One way to cultivate a habit of learning from birth is to continue the interactional pattern past infancy and the toddler years.
Here are some ways to proactively engage your kids as they age and cultivate that habit of learning as a second nature!
- Include them in household activities while encouraging them to explore and learn through those activities. Cooking/baking is an excellent way to do this. Explore why baking soda makes the cookies fluffy or explore the culinary dishes of various cultures. If you’re mowing the lawn, help them explore what happens to cause the fuel to ignite. Curious minds will instinctively explore no matter the activity. Encourage this through active involvement and by cultivating an attitude of curiosity yourself.
- Talk with them. Constantly. Pose probing questions and point them in the direction where they can find the answers themselves. Allow them to ask questions and take the time to give real answers or find the answers together. As their parent, you’re on this journey with them!
- Debate with them. No yelling, shouting, or tempers flaring. Merely allow for a healthy exchange of ideas and exploration of concepts. Encourage the development of critical thinking skills. Teach them how to think for themselves and use logic to do so. Challenge their preconceptions (and be willing to have yours challenged, too!).
- Read books to them. When they’re old enough to participate, take turns reading. Reading itself expands the mind. Cultivate a love of reading in your child. This can be difficult sometimes since there are countless other ways to relax or chill. But creating a life-long reader is well worth it!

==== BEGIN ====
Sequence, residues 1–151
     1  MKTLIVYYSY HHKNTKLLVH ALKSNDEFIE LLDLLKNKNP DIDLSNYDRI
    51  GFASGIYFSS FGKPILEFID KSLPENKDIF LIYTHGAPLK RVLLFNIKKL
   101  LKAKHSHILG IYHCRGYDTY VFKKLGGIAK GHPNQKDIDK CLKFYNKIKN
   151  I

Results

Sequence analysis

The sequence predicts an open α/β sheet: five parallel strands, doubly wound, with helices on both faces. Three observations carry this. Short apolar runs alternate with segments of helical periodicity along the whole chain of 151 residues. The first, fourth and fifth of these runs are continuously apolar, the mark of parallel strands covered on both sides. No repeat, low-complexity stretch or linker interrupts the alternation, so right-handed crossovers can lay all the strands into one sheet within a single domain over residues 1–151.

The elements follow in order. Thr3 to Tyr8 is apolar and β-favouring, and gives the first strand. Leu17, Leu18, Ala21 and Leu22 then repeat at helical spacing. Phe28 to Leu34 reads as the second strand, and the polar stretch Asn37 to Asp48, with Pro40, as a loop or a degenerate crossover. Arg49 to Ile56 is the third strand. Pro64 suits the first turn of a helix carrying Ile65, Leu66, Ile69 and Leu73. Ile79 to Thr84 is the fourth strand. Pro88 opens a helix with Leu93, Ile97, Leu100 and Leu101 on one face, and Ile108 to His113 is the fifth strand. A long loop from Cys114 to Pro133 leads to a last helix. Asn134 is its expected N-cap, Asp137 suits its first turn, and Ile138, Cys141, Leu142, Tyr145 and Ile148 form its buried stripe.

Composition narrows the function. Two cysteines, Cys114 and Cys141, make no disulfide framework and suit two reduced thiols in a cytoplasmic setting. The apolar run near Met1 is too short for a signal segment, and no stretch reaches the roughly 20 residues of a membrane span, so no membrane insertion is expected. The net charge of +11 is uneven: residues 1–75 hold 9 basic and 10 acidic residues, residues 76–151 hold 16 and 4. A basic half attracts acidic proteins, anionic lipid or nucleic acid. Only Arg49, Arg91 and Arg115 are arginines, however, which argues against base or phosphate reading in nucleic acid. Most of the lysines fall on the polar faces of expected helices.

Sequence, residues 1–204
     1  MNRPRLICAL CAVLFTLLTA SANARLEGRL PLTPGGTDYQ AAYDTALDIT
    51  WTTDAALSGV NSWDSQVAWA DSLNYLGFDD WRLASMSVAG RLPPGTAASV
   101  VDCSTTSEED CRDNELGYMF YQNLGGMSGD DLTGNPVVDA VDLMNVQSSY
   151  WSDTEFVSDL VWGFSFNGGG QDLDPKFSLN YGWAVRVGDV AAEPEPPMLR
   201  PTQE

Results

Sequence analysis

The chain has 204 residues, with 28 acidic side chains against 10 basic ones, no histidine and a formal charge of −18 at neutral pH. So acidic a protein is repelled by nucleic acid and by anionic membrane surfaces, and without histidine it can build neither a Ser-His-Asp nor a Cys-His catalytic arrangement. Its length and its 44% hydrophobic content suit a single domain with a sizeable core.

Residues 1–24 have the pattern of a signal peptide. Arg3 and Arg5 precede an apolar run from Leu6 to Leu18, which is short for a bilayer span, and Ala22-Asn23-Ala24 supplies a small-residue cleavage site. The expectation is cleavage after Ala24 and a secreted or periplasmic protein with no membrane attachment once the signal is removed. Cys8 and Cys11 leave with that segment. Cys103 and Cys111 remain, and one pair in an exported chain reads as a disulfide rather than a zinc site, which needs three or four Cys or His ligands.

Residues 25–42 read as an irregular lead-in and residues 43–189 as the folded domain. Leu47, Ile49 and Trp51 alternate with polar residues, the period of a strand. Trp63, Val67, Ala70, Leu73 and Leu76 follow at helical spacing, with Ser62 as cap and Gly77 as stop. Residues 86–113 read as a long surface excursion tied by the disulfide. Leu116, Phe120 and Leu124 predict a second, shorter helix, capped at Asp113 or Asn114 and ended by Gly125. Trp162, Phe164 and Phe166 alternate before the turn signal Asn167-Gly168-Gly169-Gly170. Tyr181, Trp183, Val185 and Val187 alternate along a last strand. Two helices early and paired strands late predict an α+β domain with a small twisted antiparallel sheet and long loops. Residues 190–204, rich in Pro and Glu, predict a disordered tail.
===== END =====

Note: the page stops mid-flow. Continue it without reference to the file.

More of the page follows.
Take it Outside
Encouraging our kids to love the outdoors also encourages them to learn. Nature provides innumerable opportunities for exploration and discovery and is ripe with ideas and concepts to examine. From examining microscopic bugs to gardening, from animal husbandry to exploring nearby springs and rivers, the great outdoors lights a fire under curiosity and stimulates those who love to learn!
“Nature is necessary for a child’s well-being—it nurtures their imagination, uplifts the senses, and promotes happiness and productivity,” explains Pacific Oaks College. “By heading outside and learning in nature, kids improve their emotional, intellectual, and behavioral development. Outdoor learning helps foster the development of creativity, problem-solving, independence, and confidence. They can use their curious minds to explore their environment…”
Family field trips, camping adventures, and outdoor projects with friends are all fun ways to get the kids outside more. Whether your kid wants to know why some plants need more sunshine and water than others, or they need to understand how disease spreads amongst wild animals, inquiring minds have an endless supply of stimulating ideas from nature.
Protect the Instinct
Our kids are born with the natural tendency to learn. Our job is to protect that innate desire and keep a world of distractions from stealing it away. We must feed that curiosity and encourage our kids to continue to explore despite when the Pied Piper of the outside world seeks to coax their young minds down other paths.
Our babies are created perfectly with a serious love of learning. How can we join them on this journey?